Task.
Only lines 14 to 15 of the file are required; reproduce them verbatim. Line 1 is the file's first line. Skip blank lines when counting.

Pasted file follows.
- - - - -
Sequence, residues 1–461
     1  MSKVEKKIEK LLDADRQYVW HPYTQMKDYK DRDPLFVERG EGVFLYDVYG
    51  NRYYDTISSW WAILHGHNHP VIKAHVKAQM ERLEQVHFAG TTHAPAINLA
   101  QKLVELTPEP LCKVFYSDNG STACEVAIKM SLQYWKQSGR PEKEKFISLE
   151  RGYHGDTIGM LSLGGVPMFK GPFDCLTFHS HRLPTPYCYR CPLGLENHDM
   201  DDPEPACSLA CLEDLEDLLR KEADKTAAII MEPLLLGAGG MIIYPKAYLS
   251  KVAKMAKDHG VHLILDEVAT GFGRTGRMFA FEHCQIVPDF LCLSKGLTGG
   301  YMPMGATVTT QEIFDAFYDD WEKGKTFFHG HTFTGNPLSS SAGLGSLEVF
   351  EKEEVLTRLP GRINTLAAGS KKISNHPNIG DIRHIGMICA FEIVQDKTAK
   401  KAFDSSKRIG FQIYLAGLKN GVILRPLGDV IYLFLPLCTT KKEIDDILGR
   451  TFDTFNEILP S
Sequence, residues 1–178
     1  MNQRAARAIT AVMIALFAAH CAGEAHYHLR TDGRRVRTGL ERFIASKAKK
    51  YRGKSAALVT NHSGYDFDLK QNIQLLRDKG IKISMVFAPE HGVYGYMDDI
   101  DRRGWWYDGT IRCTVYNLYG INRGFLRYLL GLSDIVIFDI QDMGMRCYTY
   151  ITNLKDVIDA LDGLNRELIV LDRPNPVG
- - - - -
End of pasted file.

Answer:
    51  YRGKSAALVT NHSGYDFDLK QNIQLLRDKG IKISMVFAPE HGVYGYMDDI
   101  DRRGWWYDGT IRCTVYNLYG INRGFLRYLL GLSDIVIFDI QDMGMRCYTY